Different users swear by a number of different methods to use to improve color. Many of these techniques are complicated or heavily theoretical — and most won't necessarily show more improvement in an image than a simple, controlled Levels correction.

The idea of Levels correction is to redistribute — and essentially stretch — the information recorded in the image to make the most of it. This, in turn, broadens image contrast and adjust color casts. As a result, the one simple correction can make an image both more dynamic in tone and color, as well as make the image look more color-realistic, or color correct. Levels corrections are often most effectively made by cropping the tonal range — cutting off histogram tails. Cropping is done by moving the black and white sliders toward the center of the graph.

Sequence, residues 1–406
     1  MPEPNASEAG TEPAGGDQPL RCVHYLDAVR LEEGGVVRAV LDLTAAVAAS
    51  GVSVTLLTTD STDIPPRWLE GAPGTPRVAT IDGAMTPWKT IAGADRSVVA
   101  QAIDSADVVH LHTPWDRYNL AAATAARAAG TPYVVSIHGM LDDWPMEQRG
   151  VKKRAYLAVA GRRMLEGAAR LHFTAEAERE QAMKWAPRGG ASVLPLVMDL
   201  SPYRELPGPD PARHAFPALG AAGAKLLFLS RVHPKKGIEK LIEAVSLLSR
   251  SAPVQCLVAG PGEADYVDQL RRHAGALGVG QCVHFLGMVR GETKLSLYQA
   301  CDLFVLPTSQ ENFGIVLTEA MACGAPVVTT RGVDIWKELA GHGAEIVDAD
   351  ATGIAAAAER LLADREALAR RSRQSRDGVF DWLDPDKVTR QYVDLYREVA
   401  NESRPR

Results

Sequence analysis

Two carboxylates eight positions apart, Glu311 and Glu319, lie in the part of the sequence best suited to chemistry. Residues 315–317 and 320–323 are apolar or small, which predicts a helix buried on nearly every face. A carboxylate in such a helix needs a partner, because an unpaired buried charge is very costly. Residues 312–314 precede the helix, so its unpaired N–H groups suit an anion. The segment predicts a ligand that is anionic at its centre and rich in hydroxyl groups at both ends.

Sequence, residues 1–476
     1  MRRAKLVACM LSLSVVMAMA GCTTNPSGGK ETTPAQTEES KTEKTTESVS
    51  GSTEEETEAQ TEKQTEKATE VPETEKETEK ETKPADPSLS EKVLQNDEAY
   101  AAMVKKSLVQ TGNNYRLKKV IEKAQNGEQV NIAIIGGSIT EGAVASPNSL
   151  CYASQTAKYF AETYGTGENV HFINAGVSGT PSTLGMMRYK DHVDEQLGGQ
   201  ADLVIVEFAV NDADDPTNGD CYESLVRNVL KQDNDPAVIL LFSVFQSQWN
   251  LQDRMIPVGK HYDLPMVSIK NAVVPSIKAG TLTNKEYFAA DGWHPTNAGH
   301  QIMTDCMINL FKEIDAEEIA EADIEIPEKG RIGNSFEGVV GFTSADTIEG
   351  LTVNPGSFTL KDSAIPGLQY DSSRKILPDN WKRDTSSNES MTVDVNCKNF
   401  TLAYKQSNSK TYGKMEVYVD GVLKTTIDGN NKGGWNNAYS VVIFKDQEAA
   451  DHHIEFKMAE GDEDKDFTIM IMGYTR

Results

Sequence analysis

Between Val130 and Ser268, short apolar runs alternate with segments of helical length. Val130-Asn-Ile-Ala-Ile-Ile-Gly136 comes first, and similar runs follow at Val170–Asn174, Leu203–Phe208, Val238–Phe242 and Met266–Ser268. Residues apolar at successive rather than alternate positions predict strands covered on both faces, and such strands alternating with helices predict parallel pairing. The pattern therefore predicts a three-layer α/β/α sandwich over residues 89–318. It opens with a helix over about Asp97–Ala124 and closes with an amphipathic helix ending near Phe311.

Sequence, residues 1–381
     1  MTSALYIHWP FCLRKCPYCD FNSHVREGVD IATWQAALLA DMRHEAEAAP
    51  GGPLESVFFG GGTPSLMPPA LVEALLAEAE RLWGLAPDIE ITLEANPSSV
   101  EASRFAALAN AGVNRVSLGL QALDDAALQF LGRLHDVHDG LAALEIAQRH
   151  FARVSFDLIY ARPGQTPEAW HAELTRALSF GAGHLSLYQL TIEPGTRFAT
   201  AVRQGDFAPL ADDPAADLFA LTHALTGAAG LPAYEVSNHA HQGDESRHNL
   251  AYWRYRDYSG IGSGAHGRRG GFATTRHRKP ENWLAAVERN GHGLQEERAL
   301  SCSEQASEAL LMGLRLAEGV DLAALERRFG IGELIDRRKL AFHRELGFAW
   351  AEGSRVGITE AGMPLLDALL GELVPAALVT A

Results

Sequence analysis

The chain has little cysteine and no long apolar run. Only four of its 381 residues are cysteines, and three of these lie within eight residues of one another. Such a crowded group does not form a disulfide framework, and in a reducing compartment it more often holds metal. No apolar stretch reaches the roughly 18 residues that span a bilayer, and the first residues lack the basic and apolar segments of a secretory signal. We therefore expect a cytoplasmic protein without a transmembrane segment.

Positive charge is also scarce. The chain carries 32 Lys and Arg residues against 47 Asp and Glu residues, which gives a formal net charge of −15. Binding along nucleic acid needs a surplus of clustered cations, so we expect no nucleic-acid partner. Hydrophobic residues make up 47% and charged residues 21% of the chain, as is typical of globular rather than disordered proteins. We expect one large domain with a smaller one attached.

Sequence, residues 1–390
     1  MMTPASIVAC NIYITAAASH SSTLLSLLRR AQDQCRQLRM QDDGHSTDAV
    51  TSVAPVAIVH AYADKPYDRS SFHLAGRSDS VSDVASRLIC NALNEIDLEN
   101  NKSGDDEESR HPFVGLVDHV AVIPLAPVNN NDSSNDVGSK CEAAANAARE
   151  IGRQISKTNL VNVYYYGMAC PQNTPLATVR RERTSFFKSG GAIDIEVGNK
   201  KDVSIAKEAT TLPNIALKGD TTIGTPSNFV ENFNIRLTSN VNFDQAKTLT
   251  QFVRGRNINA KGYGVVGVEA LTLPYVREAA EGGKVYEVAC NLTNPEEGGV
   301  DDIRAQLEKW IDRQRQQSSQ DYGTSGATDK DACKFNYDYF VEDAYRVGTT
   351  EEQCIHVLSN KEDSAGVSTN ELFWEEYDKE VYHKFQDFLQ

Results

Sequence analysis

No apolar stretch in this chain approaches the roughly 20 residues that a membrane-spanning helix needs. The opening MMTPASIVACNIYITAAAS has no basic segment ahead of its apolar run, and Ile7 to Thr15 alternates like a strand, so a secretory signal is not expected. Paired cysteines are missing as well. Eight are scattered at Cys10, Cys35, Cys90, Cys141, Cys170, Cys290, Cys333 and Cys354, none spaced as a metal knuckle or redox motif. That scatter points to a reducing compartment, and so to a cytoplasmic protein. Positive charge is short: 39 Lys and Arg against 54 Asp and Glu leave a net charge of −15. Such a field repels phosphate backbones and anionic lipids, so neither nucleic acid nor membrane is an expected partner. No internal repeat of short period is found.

[NOTE: Tail refers to a histogram graph area where image information is present and measurable on the histogram, but appears as a thin line and may be image noise rather than necessary image detail.]

Corrections can be adjusted and improved beyond the Levels correction, but understanding this simple technique opens the door to learning to use more complex tools (such as curves). Although several other tools will often be necessary to fine-tune your color corrections, Levels can often solve many basic problems quickly. Color Balance, Variations, Eyedroppers, and Selective changes are other tools that will be used here to refine color results.


  Copyright © Richard Lynch 2001